Motivations

Fossil beetle remains viewed through Russell Coope's microscope. Photo Hamish Nicholson
Fossil beetle remains viewed through Russell Coope's microscope. Photo Hamish Nicholson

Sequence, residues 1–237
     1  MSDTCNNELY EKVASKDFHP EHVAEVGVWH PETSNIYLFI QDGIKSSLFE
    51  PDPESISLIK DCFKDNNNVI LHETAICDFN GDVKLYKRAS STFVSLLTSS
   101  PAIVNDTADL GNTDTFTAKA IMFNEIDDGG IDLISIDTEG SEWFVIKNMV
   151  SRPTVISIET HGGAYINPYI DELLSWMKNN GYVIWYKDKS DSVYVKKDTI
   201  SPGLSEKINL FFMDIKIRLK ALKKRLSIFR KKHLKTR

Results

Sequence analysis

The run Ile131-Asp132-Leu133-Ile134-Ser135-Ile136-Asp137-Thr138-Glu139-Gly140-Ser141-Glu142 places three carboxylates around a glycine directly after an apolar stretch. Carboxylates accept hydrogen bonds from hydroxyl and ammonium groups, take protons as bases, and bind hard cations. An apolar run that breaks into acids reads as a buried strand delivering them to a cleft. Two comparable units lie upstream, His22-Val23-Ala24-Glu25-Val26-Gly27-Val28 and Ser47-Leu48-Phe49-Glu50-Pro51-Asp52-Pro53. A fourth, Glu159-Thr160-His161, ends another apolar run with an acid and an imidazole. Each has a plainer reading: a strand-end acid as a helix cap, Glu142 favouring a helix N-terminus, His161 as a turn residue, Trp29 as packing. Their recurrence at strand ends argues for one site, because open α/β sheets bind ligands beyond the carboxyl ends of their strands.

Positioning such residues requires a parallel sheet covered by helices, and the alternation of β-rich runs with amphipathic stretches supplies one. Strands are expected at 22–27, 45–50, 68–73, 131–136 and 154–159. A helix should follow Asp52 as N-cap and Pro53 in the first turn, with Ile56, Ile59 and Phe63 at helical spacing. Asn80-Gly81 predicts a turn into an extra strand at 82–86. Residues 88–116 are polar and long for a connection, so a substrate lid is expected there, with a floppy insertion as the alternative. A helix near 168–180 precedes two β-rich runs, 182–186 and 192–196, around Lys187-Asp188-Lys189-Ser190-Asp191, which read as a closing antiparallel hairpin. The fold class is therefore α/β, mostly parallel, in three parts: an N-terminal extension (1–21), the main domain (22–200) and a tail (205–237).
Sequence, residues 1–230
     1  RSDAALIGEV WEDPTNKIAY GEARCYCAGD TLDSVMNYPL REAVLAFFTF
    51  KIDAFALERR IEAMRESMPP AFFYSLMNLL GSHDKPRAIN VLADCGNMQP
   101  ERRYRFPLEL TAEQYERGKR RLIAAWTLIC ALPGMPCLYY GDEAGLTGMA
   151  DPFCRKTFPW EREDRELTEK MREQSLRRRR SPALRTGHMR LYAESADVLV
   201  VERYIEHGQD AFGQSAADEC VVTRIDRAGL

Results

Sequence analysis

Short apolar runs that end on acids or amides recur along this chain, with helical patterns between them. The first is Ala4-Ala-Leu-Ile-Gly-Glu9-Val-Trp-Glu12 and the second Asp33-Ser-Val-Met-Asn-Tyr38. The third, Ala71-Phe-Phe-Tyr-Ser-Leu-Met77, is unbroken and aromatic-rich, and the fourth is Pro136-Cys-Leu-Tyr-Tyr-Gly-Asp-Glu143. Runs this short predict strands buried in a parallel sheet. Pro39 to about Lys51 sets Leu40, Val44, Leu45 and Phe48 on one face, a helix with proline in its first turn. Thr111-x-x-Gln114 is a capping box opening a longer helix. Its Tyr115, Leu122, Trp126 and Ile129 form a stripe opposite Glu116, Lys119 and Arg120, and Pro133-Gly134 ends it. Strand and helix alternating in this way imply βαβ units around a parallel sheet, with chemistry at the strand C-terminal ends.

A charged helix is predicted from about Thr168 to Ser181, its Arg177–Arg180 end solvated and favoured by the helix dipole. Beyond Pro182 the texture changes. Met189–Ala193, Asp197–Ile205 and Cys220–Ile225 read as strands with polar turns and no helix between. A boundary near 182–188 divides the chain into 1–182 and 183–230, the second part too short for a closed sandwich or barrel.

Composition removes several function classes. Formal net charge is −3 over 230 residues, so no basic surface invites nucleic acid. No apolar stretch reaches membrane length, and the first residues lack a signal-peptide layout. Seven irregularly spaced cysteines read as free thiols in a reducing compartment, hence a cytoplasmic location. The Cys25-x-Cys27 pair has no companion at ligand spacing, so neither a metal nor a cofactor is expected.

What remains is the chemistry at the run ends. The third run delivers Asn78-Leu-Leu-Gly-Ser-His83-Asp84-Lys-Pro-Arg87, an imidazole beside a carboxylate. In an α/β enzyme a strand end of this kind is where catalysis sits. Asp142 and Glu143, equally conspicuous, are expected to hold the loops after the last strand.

What motivations drive scientists in their research and keep them going when things get tough? What rewards do they look for? Do these motivations mean that scientists have a unique relationship with their work and understanding of the distinction between work and leisure? Enthusiasm for their research and a strong desire to investigate problems that interest them are key motivations for our interviewees. The freedom to explore individual interests and the relative autonomy available in at least some research environments, are also valued, as are the opportunities to interact with colleagues from different cultures and scientific traditions. For many scientists work is fun, even something they admit to doing when they are not strictly ‘at work’ and the idea of fixed working hours is not something that they subscribe to.Material rewards are rarely primary motivations, and some even see their decision to pursue a life in science as a rejection of a materialistic world view and a commitment to a different value system. Above all there is a sense that in reflecting on their careers many scientists feel themselves to have been fortunate to have spent their working lives in science.